spector General Garlington.
Secretary Nagel is the latest man
to be mentioned in connection with
the supreme court vacancy.
Alaska gold to the amount of $57,
500 was stolen from a steamer strong
box wliile en route to Seattle.
President Taft may take a personal
part in the campaign in order to in
sure the return of a republican house.
The rapid growth of cities shown
by the census returns is due in a
large measure to enlarged railroad
An unconfirmed report has been
received that live negroes were
lynched near Carlton, ten miles east
of Athns. Ga.
Governor Shallenberger of Nebras
ka, denies that there is any truth in
the report that he will call extra ses
sion of the legislature.
Conard Vandelsen. a centenarian,
for many years a vessel owner and
captain on the great lakes, died at
his home near .Toliet, 111.
The state department officials are
not quite sure that I hey fully compre
hend the decision of the Hague
tribunal in the fishories rase.
Capt. T. D. Bloom, head of a cod
fish company, was found in the park
in Tacoraa with his throat cut. It is
believed a robber attacked him.
Canada's total wheat crop this year
is 122.785,000 bushels, according to
the estimate of the Canadian govern
ment statistics officially announced.
Whether or not the former earn
ings of the railroad companies were
excessive is now a pertinent question
in the controversy on the fixing of
Thirty lives were lost when Pere
Marquette car ferry No. 18. bound
from Ludington to Milwaukee, went
to the bottom of Lake Michigan half
way across the lake.
Dr. Hawley H. Crippen, jointly ac
cused with Ethel Clare Leneve of the
murder of his wife, has suffered a
nervous collapse and was removed to
the hospital ward of Brixton jail.
Locked out of St. Andrews Protest
ant Episcopal church, Brooklyn, of
which he had been rector for sixteen
years, the Rev. William N. Ackley
conducted the regular services from
the front steps.
The plant of the Rubber and Cellu
loid Harness Trimming company at
New York, with which is also as
sociated the Rubberset Brush com
pany, was swept by a fire with a loss
estimated at $250,000.
Great progress generally is being
shown bj- the American Indian to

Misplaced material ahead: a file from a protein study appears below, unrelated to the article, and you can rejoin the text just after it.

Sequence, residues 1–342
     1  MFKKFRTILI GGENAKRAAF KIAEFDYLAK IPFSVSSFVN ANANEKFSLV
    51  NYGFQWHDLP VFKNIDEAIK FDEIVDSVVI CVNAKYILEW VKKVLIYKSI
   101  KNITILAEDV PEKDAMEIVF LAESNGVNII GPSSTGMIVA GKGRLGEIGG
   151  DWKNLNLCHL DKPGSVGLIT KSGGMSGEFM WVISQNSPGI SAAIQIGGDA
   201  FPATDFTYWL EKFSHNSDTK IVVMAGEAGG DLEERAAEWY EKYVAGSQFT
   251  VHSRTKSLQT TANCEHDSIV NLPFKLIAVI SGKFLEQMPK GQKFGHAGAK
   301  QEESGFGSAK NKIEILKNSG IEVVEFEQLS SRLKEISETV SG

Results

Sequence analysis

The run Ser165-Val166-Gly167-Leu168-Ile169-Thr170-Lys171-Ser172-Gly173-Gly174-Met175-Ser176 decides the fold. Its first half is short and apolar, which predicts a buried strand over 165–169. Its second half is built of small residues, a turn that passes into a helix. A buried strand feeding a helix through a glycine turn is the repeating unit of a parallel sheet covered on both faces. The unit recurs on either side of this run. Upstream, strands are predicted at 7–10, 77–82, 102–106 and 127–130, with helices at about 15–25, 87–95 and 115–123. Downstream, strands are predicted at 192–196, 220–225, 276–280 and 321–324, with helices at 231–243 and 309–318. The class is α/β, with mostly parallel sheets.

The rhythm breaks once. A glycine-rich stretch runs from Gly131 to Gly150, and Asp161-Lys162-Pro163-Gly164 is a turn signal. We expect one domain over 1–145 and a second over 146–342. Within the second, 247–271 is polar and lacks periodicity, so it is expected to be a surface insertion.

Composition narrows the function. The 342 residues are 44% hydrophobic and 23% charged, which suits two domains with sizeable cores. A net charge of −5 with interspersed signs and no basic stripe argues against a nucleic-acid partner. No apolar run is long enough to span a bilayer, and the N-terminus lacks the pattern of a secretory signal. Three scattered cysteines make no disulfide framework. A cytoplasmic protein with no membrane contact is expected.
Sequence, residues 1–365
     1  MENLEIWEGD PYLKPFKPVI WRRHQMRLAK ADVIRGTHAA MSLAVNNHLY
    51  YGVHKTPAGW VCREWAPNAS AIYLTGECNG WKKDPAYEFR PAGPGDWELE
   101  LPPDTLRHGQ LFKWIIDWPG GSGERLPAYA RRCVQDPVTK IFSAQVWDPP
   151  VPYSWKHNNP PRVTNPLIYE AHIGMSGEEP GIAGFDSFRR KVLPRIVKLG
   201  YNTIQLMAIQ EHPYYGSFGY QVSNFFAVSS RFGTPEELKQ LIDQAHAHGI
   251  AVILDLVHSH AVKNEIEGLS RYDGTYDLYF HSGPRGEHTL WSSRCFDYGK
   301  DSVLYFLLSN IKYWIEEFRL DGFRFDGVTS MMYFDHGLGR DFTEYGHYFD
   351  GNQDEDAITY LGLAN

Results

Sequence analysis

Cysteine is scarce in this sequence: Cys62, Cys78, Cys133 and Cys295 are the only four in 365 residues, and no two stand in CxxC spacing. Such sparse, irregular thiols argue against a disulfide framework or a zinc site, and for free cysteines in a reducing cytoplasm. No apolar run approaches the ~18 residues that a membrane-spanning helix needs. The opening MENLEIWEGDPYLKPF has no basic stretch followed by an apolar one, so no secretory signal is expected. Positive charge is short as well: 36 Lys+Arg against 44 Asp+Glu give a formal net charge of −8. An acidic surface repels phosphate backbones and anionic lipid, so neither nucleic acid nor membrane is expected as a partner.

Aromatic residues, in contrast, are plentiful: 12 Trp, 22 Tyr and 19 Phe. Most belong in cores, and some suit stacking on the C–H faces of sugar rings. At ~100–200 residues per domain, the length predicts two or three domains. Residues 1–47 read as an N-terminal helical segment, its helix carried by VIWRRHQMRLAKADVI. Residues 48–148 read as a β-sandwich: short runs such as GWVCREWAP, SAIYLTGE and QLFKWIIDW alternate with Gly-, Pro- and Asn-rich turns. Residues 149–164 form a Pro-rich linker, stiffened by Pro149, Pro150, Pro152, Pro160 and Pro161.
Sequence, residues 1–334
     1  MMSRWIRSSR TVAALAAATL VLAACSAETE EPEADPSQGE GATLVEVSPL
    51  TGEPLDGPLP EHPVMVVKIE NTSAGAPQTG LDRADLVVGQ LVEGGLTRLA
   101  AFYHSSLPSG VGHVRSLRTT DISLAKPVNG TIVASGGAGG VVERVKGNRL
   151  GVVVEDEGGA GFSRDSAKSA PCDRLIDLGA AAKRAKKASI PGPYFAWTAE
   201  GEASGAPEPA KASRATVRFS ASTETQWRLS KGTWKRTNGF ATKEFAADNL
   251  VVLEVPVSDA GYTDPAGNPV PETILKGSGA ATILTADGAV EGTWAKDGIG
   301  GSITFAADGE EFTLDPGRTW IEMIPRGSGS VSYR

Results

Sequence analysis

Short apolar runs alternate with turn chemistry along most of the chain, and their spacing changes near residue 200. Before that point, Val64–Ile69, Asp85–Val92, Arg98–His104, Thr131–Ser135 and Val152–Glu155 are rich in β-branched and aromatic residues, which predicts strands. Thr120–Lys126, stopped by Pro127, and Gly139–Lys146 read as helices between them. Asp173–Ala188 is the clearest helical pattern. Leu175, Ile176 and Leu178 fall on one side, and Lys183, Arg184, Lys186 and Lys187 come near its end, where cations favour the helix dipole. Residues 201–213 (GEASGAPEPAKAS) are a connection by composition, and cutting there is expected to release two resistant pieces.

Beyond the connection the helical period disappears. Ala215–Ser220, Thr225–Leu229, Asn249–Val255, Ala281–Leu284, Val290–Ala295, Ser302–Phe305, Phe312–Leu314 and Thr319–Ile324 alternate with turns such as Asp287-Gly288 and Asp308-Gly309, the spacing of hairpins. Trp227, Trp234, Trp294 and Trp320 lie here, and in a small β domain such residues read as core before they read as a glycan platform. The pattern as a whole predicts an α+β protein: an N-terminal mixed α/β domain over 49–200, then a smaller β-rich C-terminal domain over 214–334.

ward gaining a footing with the
whites in the matter of civilization.
according to Assistant Commissioner
Abbott of the bureau of Indian af
fairs. Captain T. D. Bloom, prominent in
.shipping circles and -head of a codfish
company, was found in a park in Seat
tle in the heart of the city with his
throat cut. It is believed a robber J
attacked him.
Mrs. It. B. McCoy, wife or Judge R.
R. McCoy of Sparta. Wis., was killed
and Dr. Carl Beebe. sr.. of Sparta,
was dangerously injured when the
touring automobile in which they
were riding plunged into the river.
Franklin B. Coleman, who described
himself when arrested as a mining
promoter of Kansas City, now living
at the Waldorf-Astoria in New York,
was held for trial in $1,000 bond
charged with passing a worthless
Paris has just seen Its first auto
mobile funeral. Not only the hearse,
but all the carriages following it to
the cemetery were gasoline-driven,
and many have been the comments,
some half-mournful, many wholly
cynical, at the innovation.
In order to increase interest In the
breeding of thoroughbreds in Ger
many and thus better provide the
best possible mounts for his cavalry
the kaiser has overcome his opposi
tion to horse racing, and is consider
ing the question of owning a few
rifce horses himself.
President Taft may decide to give
up bis trip to Panama.
Congressman Dalzell is to have op
position in his own parly.
Senator Burkett has entered upon
his campaign in Nebraska.
The progressives dominated the re
publican state convention in Califor
nia. Ten high officials of Chicago pack
ing companies were indicted.
Indicted beef packers of Chicago
gave bond for their appearance.
A change is to be made in the
diplomatic representation at Washing
ton. There-was a shakeup in the admin
istration forces in the treasury de
partment. Tennessee democratic regulars have
made overtures for peace to inde
pendents. Dr. Rucker. health commissioner of
Milwaukee, has quit his job under
serious charges.
It is believed that in a hundred
years Indians will be entirely ab
sorbed by the whites.
Mr. Roosevelt kept his word to be
gin a light on the New York bosses
with his return home.
The Hamilton club, Chicago, was
much wrought up over the Roose-velt-Lorimer
R. O. Marsh has been relieved of
the duties of secretary of the Amer-
ican legation in Panama.
William Boldenweik, assistant
United States treasurer at Chicago,
has resigned and will leave his of
fice on September 17.
Offers His Services to State Commit
tee in Behalf of the Whole Demo
cratic Ticket.
Lincoln. Governor Shallenberger
has conceded the nomination of
James C. Dahlman for governor on
the democratic ticket, has filed his
declination of the populist nomination
and has offered his services to the
democratic state committee.
The governor came to his decision
not to go into court to contest the
nomination of Dahlman after the con
clusion of the recount in Douglas
county and after a conference with
some of his friends there. Several of
the executive's close advisers insisted
even up until Friday that he go into
court, and there is every reason to be
lieve several days ago he had about
determined to take such action.
When the official returns were re
ceived at the office of the secretary of
state they showed that Dahlman had
secured the nomination by 304 vote3.
Before the State Canvassing board
had an opportunity to meet the gover